Never underestimate the power of the Miami coffee break to bring people together—even during quarantine.
Much as they used to do on campus, FIU staff, faculty, alumni and others have found a way to share a sliver of the afternoon with one another over a cortadito, albeit via the internet.
Vice President for Engagement Saif Ishoof and his behind-the-scenes baristas serve up the brew at around 3 p.m.—Miami’s traditional hour for a caffeinated boost—as part of their now-regular 305 Cafecito Chat.
An average of 300 take to Zoom and Facebook Live weekdays for the laid-back 45-minute klatch that in the past month has featured university experts, cultural leaders, elected officials and others who share information and advice, commiserate with the masses and even offer a bit of levity in the midst of collective uncertainty.
All the while, viewers remain an active part of the mix as Ishoof peppers the conversation with on-screen polls and shout-outs by name to those who tune in, and chat and messaging functions allow for questions and comments in real time.
“Social distancing does not have to mean social isolation,” says Ishoof, who in his role at the university helps create partnerships with local industry and organizations to solve problems affecting the region. A self-described “connector” who takes pleasure in grabbing some joe in person with colleagues whenever possible, he has traded the usual takeaway cups for a blue FIU mug with enough java to go the distance. (With the last sip, he ends the webcast.)
“We know that positivity might not be the cure to COVID-19,” Ishoof told viewers recently, but like a warm beverage “it certainly helps to soothe our souls during this restless time.” To that end, he regularly calls out medical first responders and others on the front lines, including FIU Police Chief Alexander Casas and President Mark B. Rosenberg, as well those who continue to keep the residence halls and food services running for students with no other housing alternative. He regularly references inspirational quotes and in one episode even went so far as to share his cell number should anyone need a text exchange when the going gets rough. “I may not have a therapeutic answer,” he said, “but I’m more than happy to respond to folks.”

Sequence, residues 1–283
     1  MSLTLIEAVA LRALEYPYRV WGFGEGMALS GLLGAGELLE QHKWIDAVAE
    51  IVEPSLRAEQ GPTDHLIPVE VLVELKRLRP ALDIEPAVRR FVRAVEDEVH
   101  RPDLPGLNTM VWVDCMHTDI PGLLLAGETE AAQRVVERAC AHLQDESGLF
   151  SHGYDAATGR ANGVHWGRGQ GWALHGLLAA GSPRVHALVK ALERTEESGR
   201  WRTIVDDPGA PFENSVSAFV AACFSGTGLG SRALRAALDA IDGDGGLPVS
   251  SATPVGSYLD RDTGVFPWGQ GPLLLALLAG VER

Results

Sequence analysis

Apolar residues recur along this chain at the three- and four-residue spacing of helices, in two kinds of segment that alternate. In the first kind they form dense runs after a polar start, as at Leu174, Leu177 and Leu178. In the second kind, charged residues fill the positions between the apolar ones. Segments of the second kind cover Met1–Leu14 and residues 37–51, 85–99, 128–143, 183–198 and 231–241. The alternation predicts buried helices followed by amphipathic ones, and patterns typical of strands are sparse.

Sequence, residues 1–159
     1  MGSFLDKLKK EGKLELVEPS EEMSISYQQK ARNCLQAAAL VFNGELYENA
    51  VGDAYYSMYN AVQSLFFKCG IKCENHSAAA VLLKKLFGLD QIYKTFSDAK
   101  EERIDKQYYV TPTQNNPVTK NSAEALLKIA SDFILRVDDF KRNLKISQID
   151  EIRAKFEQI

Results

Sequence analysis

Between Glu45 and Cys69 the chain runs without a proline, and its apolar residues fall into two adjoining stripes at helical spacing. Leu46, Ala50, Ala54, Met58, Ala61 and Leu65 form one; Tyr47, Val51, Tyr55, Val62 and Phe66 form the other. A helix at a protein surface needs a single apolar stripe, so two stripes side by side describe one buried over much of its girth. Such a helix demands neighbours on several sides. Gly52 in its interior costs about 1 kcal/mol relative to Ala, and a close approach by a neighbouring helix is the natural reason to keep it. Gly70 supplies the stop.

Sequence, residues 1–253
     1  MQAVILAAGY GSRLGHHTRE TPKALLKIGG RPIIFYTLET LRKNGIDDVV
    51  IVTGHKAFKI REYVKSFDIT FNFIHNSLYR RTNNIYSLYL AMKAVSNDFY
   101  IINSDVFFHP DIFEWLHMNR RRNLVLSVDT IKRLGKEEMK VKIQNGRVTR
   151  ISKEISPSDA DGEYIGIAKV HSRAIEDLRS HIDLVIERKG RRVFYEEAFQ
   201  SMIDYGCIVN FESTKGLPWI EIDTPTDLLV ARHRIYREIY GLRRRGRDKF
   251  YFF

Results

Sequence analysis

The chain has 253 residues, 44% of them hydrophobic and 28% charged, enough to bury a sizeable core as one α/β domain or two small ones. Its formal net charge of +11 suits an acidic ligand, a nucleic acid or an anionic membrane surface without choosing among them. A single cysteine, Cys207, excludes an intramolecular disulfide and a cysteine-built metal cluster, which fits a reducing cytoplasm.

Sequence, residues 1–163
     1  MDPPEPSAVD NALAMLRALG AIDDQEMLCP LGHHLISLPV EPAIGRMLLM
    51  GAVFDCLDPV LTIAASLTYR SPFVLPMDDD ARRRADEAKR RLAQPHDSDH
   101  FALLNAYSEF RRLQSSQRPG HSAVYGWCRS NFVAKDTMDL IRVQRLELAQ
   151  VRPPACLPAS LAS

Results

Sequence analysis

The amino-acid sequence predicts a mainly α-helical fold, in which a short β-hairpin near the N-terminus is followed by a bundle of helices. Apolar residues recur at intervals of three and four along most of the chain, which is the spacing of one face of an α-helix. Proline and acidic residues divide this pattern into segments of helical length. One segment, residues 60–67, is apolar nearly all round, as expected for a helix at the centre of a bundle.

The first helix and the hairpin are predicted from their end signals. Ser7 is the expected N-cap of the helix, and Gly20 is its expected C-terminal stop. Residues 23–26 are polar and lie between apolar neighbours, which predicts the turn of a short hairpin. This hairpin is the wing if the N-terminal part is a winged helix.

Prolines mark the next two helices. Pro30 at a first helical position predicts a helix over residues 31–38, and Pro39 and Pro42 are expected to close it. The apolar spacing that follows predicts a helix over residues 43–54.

Just as happens during any typical time-out for cafe con leche and croquetas, small talk begins the encounter. “What's your favorite local restaurant for takeout?” or “What are you drinking?” Ishoof often asks the featured guests—he in his home, they in theirs—before jumping into heavy topics that reflect the country's unprecedented situation.
Social work Professor Victoria Gray discussed mental health challenges related to fears and loneliness brought about by the pandemic; City of Miami Mayor Francis Suarez, an alumnus, spoke about his own bout with COVID-19 and ways local government is working to safeguard citizens; SGA President Sabrina Rosell addressed how students are navigating remote learning and staying motivated during the disruption.
Also covered in recent weeks: the Chaplin School of Hospitality & Tourism Management's program to help independently owned restaurants and bars pay staff during the forced business closures; efforts by the Frost Art Museum to help families incorporate creativity into their quarantine; a College of Business professor’s best practices for working remotely in teams; an education professor’s suggestions for helping youngsters learn remotely at home; and even an FIU-themed meme competition.
Sanyo Mathew calls 305 Cafecito Chat “the best part of my day” and tries not to miss it even as he juggles a schedule packed with remote meetings. As senior director of the Graham Center—through which, in normal times, thousands of students and university employees pass daily to grab a bite, buy books, get a haircut or congregate for pep rallies around the communal “pit”—he understands better than most the human craving for contact.
“At the Graham Center, we strive so hard to be that common ground, home away from home, our hub on campus,” Mathew says. “We miss the whole culture and ambiance that we try to create.”
In the midst of that loss, he appreciates the chance to gather online in an emotionally meaningful way.
“Now more than ever, we need that,” Mathew says of the digital coffee break. “We’re all social beings, and we thrive on that.”
His colleague Ayxa Vecino, an events manager at the Graham Center, likewise finds the online respite welcome after weeks of being away from FIU: “We’re all yearning for that connection.”
Here’s looking forward to the world's biggest colada on campus in the near future.
Catch 305 Cafecito Chat on Facebook Live.